In this age of instant information, as we all know, there is a great deal of instant misinformation. Add to that a basic lack of understanding in the population at large of critical economic, budgetary and tax concepts, and it is not hard to see that it is relatively easy for an well-funded advocacy oriented organization to use slick materials, frequent repetition and catchy themes to convince people about their particular position, even though it may be against ordinary American's interest to support that position.
Countering the misinformation, and the misleading information, about taxation--the underlying concepts and the way it works, the distributional effects and various ways to think about fairness, the reason taxation is necessary and the connection between taxation and spending (as well as the hidden spending that can be accomplished to benefit targeted groups through tax expenditures)--is an important task that is shortchanged in our society today. Not many high schools have good programs that teach about finance, budgeting, and taxation. While some college students take economics, they usually just get a grounding in the received wisdom of the Chicago school on supply and demand, efficient markets, etc. They may acquire some terminology, but they may actually gain a bias in looking at most economic resources from the (now discredited) view that "the markets" can deal with all problems. At least the ones that take economics can then read intelligibly. Those who never taken any finance, accounting or economics courses are in the dark and at the mercy of the spin doctors. And there are lots of those on the issue of taxation--from the anarcho-libertarians who consider taxation nothing but state-sponsored theft to the oddball remaining communist who thinks the state should control all factors of production. There are some reasonable organizations out there performing a public service of bringing facts and figures to the fore, but not many of them,; they fill small niches here and there. In spite of what the teabaggers say, the governmental alphabet-soup ones are among the best--including the CBO (congressional budget office), the JCT (joint committee on taxation), the CRS (congressional research service) and others. Why, the IRS even has joined the digital generation, now making YouTube videos on tax issues to help ordinary but digitally cognizant taxpayers find their way around the bureaucratic tangle of the federal income tax. See the IRS YouTube video channel!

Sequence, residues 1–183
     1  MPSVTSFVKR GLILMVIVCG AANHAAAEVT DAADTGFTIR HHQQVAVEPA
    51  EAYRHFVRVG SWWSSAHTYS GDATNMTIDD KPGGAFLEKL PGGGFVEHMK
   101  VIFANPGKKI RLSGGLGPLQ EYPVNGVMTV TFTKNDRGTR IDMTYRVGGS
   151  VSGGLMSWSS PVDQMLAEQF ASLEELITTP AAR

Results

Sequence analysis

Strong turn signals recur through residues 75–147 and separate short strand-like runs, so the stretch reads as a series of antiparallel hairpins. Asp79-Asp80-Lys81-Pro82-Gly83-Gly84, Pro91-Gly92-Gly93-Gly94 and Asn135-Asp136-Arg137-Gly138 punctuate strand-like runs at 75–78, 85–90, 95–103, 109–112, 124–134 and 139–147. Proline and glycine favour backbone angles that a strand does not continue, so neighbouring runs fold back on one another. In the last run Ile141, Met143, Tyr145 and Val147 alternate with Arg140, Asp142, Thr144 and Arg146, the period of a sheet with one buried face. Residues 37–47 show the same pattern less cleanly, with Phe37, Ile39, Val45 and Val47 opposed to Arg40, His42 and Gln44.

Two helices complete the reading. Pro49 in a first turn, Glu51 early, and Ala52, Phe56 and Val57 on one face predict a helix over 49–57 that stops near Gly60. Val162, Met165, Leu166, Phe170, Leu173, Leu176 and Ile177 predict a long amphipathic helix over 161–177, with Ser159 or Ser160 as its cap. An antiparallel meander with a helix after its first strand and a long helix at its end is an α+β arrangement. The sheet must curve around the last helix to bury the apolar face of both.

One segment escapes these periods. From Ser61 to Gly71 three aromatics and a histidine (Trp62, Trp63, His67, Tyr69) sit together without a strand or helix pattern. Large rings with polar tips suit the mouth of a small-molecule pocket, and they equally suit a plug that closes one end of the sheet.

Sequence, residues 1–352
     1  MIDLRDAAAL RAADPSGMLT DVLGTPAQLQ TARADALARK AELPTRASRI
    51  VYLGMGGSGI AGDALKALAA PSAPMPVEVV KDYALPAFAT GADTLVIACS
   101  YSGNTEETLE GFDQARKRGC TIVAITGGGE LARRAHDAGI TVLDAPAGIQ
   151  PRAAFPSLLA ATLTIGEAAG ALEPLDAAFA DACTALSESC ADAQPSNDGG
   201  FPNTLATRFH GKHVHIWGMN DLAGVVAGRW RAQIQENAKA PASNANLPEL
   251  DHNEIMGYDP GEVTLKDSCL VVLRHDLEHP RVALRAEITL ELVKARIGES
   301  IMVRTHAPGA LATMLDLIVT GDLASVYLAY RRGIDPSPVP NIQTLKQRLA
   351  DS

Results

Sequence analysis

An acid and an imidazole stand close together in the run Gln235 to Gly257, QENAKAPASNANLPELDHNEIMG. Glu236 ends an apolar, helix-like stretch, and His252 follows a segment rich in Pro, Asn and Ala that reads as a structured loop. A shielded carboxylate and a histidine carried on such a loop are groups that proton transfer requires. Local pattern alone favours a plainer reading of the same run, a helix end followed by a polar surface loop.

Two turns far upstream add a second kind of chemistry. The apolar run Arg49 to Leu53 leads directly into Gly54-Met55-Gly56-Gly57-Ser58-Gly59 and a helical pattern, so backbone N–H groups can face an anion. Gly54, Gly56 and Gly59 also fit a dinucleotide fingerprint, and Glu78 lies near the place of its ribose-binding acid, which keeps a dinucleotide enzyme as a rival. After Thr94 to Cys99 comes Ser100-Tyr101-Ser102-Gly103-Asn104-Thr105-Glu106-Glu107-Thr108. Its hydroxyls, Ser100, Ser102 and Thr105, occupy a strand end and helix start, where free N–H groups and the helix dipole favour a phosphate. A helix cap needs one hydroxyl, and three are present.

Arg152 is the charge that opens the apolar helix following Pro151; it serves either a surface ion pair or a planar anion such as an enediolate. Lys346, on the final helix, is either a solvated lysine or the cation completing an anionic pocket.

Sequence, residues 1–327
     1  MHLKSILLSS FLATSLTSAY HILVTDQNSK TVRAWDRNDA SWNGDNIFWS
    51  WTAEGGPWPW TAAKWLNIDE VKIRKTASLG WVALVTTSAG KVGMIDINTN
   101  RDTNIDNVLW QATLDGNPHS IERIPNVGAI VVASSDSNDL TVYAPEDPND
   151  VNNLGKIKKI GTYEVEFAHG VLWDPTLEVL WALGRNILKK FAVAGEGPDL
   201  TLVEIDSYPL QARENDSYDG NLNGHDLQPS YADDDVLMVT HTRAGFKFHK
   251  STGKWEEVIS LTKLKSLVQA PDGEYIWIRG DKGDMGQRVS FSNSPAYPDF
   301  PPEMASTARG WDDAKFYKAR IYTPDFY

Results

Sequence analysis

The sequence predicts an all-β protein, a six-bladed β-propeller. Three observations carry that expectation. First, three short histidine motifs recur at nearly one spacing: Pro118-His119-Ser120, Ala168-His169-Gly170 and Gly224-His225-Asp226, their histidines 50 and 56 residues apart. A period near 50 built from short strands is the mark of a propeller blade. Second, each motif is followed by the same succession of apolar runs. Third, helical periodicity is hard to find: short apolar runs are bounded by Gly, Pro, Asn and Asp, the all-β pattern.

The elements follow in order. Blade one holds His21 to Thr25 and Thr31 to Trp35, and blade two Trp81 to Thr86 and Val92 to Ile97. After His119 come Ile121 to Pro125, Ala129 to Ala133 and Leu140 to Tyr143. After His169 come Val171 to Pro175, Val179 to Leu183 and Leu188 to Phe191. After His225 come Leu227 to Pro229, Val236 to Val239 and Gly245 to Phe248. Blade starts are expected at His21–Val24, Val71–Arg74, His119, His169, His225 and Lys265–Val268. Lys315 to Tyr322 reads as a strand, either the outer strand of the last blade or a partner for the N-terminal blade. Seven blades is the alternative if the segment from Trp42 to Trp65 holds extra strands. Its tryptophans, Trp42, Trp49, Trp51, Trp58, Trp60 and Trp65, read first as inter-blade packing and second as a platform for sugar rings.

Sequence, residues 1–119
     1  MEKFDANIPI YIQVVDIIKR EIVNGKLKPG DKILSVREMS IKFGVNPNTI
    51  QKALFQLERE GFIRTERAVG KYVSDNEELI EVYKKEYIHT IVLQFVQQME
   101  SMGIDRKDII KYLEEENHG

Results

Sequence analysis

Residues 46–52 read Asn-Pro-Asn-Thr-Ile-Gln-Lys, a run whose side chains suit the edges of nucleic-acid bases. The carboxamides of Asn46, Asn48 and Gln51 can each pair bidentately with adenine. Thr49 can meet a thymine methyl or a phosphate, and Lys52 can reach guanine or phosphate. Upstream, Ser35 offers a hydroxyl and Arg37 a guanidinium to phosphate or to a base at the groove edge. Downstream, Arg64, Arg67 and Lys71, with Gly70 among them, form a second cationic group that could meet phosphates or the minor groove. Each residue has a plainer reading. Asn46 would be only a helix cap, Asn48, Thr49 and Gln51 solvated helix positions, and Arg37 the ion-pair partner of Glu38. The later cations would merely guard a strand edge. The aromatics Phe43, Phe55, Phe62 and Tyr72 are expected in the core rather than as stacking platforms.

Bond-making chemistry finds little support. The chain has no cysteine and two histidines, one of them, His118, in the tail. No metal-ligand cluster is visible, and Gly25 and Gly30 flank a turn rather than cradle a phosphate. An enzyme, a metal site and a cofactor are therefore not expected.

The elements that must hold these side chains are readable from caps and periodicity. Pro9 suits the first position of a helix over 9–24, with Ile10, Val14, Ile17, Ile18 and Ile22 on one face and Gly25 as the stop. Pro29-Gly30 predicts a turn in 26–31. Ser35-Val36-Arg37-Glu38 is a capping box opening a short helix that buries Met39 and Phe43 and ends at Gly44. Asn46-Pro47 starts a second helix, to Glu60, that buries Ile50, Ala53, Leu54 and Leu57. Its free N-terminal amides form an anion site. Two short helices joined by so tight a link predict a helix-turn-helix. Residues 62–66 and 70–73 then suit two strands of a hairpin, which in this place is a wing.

As I've mentioned before, Marjorie Kornhauser at Arizona State's O'Connor Law School has launched an ambitious project aimed at making learning about basic tax concepts and mechanics fun and digital for the digitally adept, using the federal income tax as the system discussed. The goal is to increase knowledge and understanding of taxation among the general public, but especially among young adults, without advocating any particular tax structure, rate or even philosophy. People just need basic information and understanding to make their own informed decisions about tax.
The project has a Steering Committee (disclosure--I'm a member), an Advisory Board, a webpage under design, three (for now) web-based tax games in progress, and an agreement for pro bono availability of the Thompson Reuters Tax Law Dictionary on the website. Student groups at various law schools may develop some projects--I'm hoping that the newly established Tax Law Society at Wayne Law (congrats, folks! and especially to Joe Lakier, who worked hard to make this a successful venture) will contribute a game, some YouTube videos and/or some other innovative idea.
But there's more that's needed. Namely money, ideas, money, IT expertise, money, YouTube videos, and money. Money is needed to pay research assistants, IT expertise for flash animation, get professional help when needed to make it all pull together, etc. So, folks, if you want Americans to become more knowledgeable about tax so that they can make informed decisions rather than be too easily swayed by propaganda from left or right, then open your pocketbooks and help us make this bipartisan tax literacy project a huge success. $5, $10 or $1000--we'll take any amount, large or small.
TO MAKE A DONATION TO THE TAX LITERAC FUND (please do):
online: at https://secure.asufoundation.org/giving/online-gift.asp?fid=418 (no appeal code necessary)
check: make payable to the ASU Foundation --write "Tax Literacy Fund 30004788" on the memo line--and mail to the Sandra Day O'Connor College of Law, Arizona State University, PO Box 877906, Tempe, AZ 85287-7906